Ocular Myasthenia Gravis

Myasthenia gravis (MG) is a chronic autoimmune neuromuscular disorder that causes muscle weakness. Patients often first notice weakness in the muscles that control the movement of their eyes and eyelids, with many later developing muscle weakness elsewhere.

For 10–40% of MG patients, the muscles controlling eye and eyelid movements remain the only ones affected. In these cases, the condition is known as ocular MG. Studies have indicated that people having only symptoms of ocular MG for two to three years are unlikely to develop weakness elsewhere.


Nerve cells send signals to muscle cells by releasing a signaling chemical called acetylcholine, which binds to acetylcholine receptors on muscle cells. In MG, the body’s immune system mistakenly attacks these acetylcholine receptors, disrupting nerve-muscle communication and causing muscle weakness.

There are several possible explanations for why MG affects eye muscles as it does. Among the reasons suggested is that the eye muscles contain fewer acetylcholine receptors, rendering them more sensitive to their loss or damage, which takes place over the course of the disease.

Eye muscles are also structurally different from limb or trunk muscles and contract more frequently, so they might be more prone to fatigue. Another possibility is that eye muscles have a specific gene signature associated with the body’s immune response that may render them more sensitive to the disease’s immune attacks.


Common symptoms of ocular MG include double vision (diplopia), and drooping in one or both eyelids, a condition called ptosis. To confirm these symptoms are related to MG, a diagnostic exam called ice pack test can be performed. During this test, an ice pack is placed over a patient’s closed eyelid for several minutes. If the ice pack temporarily relieves eyelid droopiness, it is an indication of ocular MG.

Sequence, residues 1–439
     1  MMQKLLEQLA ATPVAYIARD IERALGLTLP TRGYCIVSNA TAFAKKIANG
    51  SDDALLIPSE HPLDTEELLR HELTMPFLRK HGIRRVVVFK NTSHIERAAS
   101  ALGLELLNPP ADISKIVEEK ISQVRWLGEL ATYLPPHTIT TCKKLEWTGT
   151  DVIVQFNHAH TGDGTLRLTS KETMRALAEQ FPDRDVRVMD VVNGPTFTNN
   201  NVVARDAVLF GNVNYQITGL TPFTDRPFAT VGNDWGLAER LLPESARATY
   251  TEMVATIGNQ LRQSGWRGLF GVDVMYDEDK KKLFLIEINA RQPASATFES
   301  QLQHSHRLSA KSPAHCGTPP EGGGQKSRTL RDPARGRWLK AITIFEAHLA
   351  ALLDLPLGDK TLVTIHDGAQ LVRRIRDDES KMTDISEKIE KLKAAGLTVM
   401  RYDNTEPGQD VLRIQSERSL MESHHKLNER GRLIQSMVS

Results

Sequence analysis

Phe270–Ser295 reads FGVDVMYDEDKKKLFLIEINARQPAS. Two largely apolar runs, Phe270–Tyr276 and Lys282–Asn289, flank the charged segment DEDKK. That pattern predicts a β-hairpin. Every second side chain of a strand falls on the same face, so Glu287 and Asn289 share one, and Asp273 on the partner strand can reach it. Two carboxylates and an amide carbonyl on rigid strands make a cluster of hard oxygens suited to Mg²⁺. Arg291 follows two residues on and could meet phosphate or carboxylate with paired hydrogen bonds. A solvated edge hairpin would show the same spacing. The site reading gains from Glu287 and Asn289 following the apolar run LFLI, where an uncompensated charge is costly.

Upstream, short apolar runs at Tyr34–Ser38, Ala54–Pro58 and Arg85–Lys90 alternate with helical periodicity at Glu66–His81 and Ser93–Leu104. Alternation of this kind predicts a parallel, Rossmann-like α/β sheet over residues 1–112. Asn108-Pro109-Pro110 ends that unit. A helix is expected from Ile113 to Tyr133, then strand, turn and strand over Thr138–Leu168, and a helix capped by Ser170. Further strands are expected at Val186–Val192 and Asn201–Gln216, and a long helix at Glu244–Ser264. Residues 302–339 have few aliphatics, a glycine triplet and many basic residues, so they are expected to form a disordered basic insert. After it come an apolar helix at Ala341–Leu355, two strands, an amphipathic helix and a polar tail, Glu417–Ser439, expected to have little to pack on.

Muscle weakness in ocular MG often affects upward eye movement first, and tends to worsen with continuous eye muscle use. For this reason, it is typically more severe toward the end of the day.

Treatment and prognosis

Treatment for ocular MG may include cholinesterase inhibitors like Mestinon (pyridostigmine), steroids like prednisone, or other immunosuppressants, medications that suppress the immune system.

Double vision may be alleviated by applying a patch over an eye or wearing a single opaque contact lens. This should be alternated between each eye to reduce eye strain. Special prism glasses may also help to correct double vision in some patients.

Specialized eyelid tape can be used to prevent eyelid droopiness, although it is recommended that one eyelid be taped at a time and alternated. Glasses can also be equipped with thin wires, called eyelid crutches, to help people with ptosis.

Ocular MG in general has a good prognosis in patients whose symptoms are kept under control with treatment.


Last updated: Nov. 5, 2021


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